As we made our way up into the mountains the river, of course, became more swift and our progress more and more slow. More than ever I hated the boats; at times it was hard for me to keep from leaving them, from taking my little son upon my back and hurrying on in search of my people. At every camp we made I looked for signs of them, and then, one day, we came to a place where they had been camped. Oh, how glad I was when I saw that campground, for I had feared that they were all dead, had all been killed by the people of the plains. But, no! As usual, they had been out after buffalo during the winter, and with the coming of summer had made their way back into the mountains. I could tell by the growth of grass around the fireplaces that they had camped here in early spring. I wondered how far back they had gone. I feared that they had gone through the pass and then away down to the south; if they had, we should never see them.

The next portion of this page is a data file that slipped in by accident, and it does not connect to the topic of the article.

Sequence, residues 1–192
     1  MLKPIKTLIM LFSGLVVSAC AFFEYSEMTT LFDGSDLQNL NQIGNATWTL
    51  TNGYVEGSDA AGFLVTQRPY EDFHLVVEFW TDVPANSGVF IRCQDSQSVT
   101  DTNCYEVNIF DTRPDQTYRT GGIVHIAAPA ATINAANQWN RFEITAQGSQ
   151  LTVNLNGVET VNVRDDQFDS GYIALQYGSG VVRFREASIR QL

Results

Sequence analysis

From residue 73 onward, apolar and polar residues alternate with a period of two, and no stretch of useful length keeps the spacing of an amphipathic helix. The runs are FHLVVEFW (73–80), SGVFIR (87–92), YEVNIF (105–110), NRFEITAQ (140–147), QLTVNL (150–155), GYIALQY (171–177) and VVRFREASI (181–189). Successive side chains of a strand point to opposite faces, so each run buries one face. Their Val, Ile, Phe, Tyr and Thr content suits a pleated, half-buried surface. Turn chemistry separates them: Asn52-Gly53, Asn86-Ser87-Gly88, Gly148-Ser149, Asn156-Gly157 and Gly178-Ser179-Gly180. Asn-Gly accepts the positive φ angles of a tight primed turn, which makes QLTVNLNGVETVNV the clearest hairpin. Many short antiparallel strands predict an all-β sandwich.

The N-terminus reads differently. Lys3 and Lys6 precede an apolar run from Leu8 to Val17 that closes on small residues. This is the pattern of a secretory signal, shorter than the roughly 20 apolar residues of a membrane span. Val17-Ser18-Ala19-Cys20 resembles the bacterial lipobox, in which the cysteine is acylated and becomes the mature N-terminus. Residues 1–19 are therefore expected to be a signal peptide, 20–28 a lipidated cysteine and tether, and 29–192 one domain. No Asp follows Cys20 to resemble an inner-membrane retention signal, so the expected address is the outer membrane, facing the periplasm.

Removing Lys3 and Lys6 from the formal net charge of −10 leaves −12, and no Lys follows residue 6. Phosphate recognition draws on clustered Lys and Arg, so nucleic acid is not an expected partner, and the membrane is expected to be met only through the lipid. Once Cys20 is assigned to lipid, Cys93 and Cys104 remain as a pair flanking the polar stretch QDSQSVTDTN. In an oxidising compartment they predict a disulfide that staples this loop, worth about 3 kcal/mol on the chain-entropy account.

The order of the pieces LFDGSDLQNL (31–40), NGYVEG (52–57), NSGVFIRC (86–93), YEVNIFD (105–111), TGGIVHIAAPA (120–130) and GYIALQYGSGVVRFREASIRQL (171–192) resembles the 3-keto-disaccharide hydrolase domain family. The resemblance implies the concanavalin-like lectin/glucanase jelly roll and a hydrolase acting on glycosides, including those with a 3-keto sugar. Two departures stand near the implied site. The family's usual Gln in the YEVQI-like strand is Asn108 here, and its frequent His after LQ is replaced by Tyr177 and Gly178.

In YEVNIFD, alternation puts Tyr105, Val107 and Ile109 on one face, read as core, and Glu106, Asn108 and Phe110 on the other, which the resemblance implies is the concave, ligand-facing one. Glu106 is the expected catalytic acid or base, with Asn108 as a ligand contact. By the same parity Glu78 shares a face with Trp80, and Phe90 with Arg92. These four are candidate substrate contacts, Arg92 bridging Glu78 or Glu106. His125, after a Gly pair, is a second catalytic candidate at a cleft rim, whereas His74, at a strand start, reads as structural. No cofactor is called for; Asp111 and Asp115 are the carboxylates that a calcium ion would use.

One evening, soon after we had come upon a second old camp of my people, Red Hair and Long Knife held a long council with some of the men. My man was in it, but after it was ended he did not tell me what it was all about. I did not learn until the next day, after Red Hair and his black white man and two others had left us, that it had been decided they should go on ahead to try to find my people and make friends with them. I was very angry when my man told me that: "Why am I here but to do that very thing!" I scolded. "Should my people see Red Hair and his men approaching them, they would run and hide from them; perhaps lie in wait for them and kill them. But if I were with them, it would be different. I would travel far in the lead, and make myself known to my people as soon as I sighted them, and then all would be well with us!"